This marked something of a historical turning point, since these PDOs laid the basis for 40 years of continued operation in the Greater Ekofisk Area (GEA).[REMOVE]Fotnote: Recommendation 398 (2010-2011) to the Storting from the standing committee on energy and the environment.
The plans emphasised that both Ekofisk and Eldfisk were expected to remain on stream until 2050. On that basis, ConocoPhillips Skandinavia AS had applied on behalf of the licensees to extend production licence 018 from 2028 to 2050.
Ekofisk and Eldfisk accounted for the bulk of production from the GEA, and had been on stream since 1971 and 1979 respectively. Both lay in the same 018 licence
Operator ConocoPhillips had a 35.11 per cent share, with Total E&P Norge (39.90 per cent), Eni Norge (12.39), Statoil Petroleum (7.60) and Petoro (5.00) as its partners.[REMOVE]Fotnote: ConocoPhillips website, 8 May 2019.
As soon as the Storting had given the green light, ConocoPhillips stood on the accelerator to implement the projects.
Ekofisk South involved a further development of field with two new facilities. One was Ekofisk 2/4 Z, a jacket-supported wellhead platform with 36 well slots – 35 for production and one to inject drill cuttings.
This facility was to be tied back by a bridge to the rest of the Ekofisk Complex, and came in addition to the new Ekofisk 2/4 L accommodation and field centre platform approved in 2010.
The other newcomer was Ekofisk 2/4 VB, a subsea template with eight slots for water injection wells located about three kilometres south of the Ekofisk Complex. It would receive injection water from Eldfisk 2/7 E.
All the new wells were drilled from a jack-up rig.
Realising Ekofisk South was expected to improve oil recovery from the field from 49.5 per cent of resources originally in place to 52 per cent by 2028.
That was the original expiry date of the licence. Since this had now been extended to 2050, the longer producing time meant this recovery factor could by improved even more.10
The new 2/4 Z facility would require 1.8 MW of electricity, which was due to be met from existing gas-fired power generation in the Ekofisk Complex.
In addition, a new power transmission cable would link 2/4 Z and the planned Eldfisk 2/7 S platform and permit coordination of electricity generation between the two fields.
This cable could also form the first stage in a future distribution network should power from shore be implemented. That was much discussed at the time.[REMOVE]Fotnote: Ibid.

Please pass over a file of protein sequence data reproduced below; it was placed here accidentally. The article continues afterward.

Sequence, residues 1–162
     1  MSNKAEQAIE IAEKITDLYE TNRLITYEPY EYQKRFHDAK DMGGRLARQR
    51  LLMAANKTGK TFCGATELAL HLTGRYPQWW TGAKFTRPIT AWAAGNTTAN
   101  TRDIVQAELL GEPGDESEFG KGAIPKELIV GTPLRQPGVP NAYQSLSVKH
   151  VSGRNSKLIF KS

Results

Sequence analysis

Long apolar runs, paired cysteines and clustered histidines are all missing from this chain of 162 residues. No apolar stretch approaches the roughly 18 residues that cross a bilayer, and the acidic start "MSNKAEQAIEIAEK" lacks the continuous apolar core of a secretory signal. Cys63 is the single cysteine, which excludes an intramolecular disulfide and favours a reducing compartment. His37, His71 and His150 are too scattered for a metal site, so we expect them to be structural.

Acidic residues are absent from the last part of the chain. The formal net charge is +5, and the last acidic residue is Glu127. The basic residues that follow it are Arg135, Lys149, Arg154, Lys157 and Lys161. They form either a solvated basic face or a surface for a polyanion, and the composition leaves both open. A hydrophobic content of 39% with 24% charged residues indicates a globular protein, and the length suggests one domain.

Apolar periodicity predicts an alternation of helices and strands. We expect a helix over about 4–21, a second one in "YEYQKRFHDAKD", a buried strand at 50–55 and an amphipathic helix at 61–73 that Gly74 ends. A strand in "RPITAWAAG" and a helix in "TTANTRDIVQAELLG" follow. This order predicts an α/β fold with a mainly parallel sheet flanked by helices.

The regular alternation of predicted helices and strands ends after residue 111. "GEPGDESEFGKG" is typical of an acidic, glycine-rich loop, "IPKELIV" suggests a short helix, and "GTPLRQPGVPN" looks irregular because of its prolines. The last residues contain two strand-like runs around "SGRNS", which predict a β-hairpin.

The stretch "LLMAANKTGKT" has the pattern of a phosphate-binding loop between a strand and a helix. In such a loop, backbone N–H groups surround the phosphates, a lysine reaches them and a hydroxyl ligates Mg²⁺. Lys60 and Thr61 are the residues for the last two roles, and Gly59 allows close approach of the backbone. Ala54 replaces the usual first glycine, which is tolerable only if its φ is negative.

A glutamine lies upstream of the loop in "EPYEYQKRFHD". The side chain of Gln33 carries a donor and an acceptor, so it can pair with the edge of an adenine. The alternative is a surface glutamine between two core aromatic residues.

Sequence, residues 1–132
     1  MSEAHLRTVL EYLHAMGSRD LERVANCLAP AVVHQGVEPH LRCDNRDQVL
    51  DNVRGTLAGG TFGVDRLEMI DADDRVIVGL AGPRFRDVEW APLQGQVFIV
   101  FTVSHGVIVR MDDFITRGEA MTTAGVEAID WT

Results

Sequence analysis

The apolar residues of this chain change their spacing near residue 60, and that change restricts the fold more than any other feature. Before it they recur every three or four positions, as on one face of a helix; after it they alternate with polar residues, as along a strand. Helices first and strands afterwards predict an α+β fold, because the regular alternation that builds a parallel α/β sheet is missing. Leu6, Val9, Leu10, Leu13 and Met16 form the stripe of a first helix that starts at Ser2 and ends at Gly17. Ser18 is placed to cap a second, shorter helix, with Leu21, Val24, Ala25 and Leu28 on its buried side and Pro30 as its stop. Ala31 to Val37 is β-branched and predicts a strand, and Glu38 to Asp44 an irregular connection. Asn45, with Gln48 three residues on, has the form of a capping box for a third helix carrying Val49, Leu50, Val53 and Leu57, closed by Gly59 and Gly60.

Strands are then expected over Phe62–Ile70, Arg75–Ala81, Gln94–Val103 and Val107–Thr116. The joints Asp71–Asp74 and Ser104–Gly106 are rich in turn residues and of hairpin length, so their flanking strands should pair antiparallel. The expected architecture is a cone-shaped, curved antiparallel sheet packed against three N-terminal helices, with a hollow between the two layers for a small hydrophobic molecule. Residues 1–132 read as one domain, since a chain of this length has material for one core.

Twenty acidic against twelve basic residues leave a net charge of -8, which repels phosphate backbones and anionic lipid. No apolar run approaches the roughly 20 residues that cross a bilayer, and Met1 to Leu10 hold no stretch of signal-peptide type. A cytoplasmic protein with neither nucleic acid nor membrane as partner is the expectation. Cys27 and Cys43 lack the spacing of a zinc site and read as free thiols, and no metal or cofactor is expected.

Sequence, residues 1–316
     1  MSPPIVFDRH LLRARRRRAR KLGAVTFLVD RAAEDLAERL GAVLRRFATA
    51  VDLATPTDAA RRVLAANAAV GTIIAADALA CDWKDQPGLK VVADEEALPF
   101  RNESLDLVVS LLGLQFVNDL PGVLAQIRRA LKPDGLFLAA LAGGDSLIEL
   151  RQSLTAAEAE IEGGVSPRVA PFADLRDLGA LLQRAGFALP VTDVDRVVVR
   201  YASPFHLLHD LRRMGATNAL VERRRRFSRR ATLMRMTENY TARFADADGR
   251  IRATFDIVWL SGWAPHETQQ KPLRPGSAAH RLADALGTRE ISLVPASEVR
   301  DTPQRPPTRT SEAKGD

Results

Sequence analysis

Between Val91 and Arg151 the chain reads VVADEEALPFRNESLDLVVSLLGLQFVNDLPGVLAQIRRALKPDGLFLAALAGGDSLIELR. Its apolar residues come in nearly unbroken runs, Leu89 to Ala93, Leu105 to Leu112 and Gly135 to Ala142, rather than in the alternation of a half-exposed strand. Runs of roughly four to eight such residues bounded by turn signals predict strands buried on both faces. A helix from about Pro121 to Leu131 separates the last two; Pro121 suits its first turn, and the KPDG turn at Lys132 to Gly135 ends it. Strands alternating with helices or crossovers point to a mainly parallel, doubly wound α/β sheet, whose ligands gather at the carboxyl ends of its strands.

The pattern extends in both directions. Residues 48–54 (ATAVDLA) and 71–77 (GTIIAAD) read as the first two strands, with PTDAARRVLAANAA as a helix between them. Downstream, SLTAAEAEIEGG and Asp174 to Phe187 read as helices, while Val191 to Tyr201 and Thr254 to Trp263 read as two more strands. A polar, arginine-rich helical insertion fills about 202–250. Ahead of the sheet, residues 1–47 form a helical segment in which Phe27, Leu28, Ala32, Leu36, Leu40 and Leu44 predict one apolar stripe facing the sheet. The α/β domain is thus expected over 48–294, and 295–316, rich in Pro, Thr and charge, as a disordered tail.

Eldfisk 2/7 A, the original platform on this field, was joined by the Eldfisk 2/7 E structure when waterflooding began there in 2000.
This facility delivered injection water to Ekofisk and Eldfisk as well as services for the latter related to power generation and gas injection/lift.
The Eldfisk II project covered installation of Eldfisk 2/7 S as an integrated platform with accommodation module, process plant and wellhead facility.
Supported on a steel jacket, 2/7 S had slots for 40 wells – 30 for production, nine for water injection and one for cuttings – and was linked by a bridge to the existing 2/7 E platform. Two new wells were also to be drilled from Eldfisk 2/7 A.
Extensive modifications were planned for existing facilities on the Eldfisk and Embla fields so that they could produce to 2/7 A. One platform was converted to a bridge support.
Where infrastructure was concerned, oil and gas from Eldfisk would continue to be piped to market via Ekofisk. Power and fibreoptic cables were laid between the two fields to ensure coordination.
Systems on the new platform would be electrically driven, with an estimated power requirement of seven megawatts when all the consumers were operational.
Electricity was supplied from existing generating capacity on Eldfisk 2/7 E, supplemented with deliveries through the new transmission cable from Ekofisk.[REMOVE]Fotnote: Ibid.
The development plans aimed to improve the Eldfisk recovery factor from 22 to 28.5 per cent.
Emissions and power from shore
The environmental organisations issued strong warnings about the increased CO2 emissions which would be generated by these developments.
The licensees were accordingly asked to provide the Ministry of Petroleum and Energy with a new assessment on the use of power transmitted from shore to GEA installations by 1 June 2012.
Updated information was sought by the ministry on power needs, further development of resources in the area and opportunities for coordinating electricity supplies to several fields in the area.
Among other moves, space and capacity were to be allocated on Ekofisk 2/4 Z for a transformer station able to receive power from shore.
The Ekofisk South project was calculated to cost NOK 27.3 billion in 2011 value, including the drilling of wells, while the Eldfisk II price tag was estimated at NOK 36.6 billion in 2011 value.
That figure included the new platform, modifications to the existing facilities and the drilling of additional wells.
Even before Storting approval was secured, ConocoPhillips entered into an option agreement with Aker Solutions on delivering topsides and bridges for one of the Eldfisk platforms. This was worth NOK 5.5 billion.[REMOVE]Fotnote: NTB, 18 March 2011.
The biggest construction projects were executed at Stord and Egersund. These developments also involved much international activity – particularly for engineering and prefabrication.
Due to come on stream in 2013-15, the new installations were designed to last to the end of the producing lives of their respective fields.Award for IOR work in chalkSAR team honoured for saving life